The Standard & Poor’s 500 Index reached its highest level since the August selloff, rising as biotechnology companies rebounded and energy shares extended their longest rally since December 2013.

The benchmark index again tested points where an advance petered out at the end of August and a September rally wilted. The gauge had erased gains earlier Wednesday after briefly climbing above its average price during the past 50 days. Commodity stocks rose for a seventh session, weathering through a late-morning fade, with the appeal of the beaten-down energy and raw-materials groups enhanced by the dollar’s recent weakness.

The S&P 500 advanced 0.8 percent to 1,995.80 at 4 p.m. in New York, rebounding from a midday drop of as much as 0.2 percent that erased an early rally. The index retreated twice after reaching its 50-day moving average at 1,996.57.

Earnings season will grab an increased share of investors’ attention this week, with Alcoa Inc. unofficially kicking off the reporting season after markets close tomorrow. Companies reporting next week include Johnson & Johnson, Intel Corp. and JPMorgan Chase & Co.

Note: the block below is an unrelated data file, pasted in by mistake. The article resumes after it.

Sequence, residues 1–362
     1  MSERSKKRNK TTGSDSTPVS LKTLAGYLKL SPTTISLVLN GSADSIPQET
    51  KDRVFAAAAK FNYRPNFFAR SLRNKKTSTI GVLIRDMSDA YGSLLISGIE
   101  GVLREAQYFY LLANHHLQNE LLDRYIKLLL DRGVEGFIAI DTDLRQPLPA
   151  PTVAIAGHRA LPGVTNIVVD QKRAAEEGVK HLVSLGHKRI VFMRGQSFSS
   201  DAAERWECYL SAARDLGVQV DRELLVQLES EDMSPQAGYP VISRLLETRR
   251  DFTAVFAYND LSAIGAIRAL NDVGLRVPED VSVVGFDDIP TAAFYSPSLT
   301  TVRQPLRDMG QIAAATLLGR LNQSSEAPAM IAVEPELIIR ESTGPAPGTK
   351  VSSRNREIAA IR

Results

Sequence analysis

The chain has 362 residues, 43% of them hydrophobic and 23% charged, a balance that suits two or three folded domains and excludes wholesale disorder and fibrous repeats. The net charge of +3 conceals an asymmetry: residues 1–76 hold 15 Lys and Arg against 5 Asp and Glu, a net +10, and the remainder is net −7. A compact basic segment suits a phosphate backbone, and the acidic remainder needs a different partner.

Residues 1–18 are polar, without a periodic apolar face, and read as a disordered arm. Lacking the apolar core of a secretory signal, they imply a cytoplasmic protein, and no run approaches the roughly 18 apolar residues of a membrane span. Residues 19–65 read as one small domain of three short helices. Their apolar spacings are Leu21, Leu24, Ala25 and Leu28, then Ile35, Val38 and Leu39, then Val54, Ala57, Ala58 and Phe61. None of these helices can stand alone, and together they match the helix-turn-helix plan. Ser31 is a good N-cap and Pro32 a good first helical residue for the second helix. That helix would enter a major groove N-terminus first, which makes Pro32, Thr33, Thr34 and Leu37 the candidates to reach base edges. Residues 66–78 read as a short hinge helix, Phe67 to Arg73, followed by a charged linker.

Analysts project profits for S&P 500 members dropped 6.9 percent in the third quarter. Still, a Fed measure of corporate income has posted its biggest quarterly increase since 2012, suggesting the overall picture for profits may be skewed by downgrades at energy producers combating weak oil prices.

Among the season’s early reporters, Yum Brands Inc. tumbled the most in 13 years after the owner of the KFC, Pizza Hut and Taco Bell chains posted profits that missed analysts’ estimates. Results were hurt by a lingering slump in China.

Stocks have swung between gains and losses since August’s tumble, amid concern about a slowing global economy triggered by weakness in China, and confusion over the Federal Reserve’s policy intentions. The S&P 500 has rebounded 4 percent since ending its worst quarter in four years, and is up 6.9 percent from an August low reached during the index’s first correction since 2011.

Expectations for higher borrowing costs this year have diminished since the weaker-than-expected September jobs report last Friday. Traders are pricing in a 39 percent chance of an increase in December and 61 percent probability of a move higher in March.

Source: Bloomberg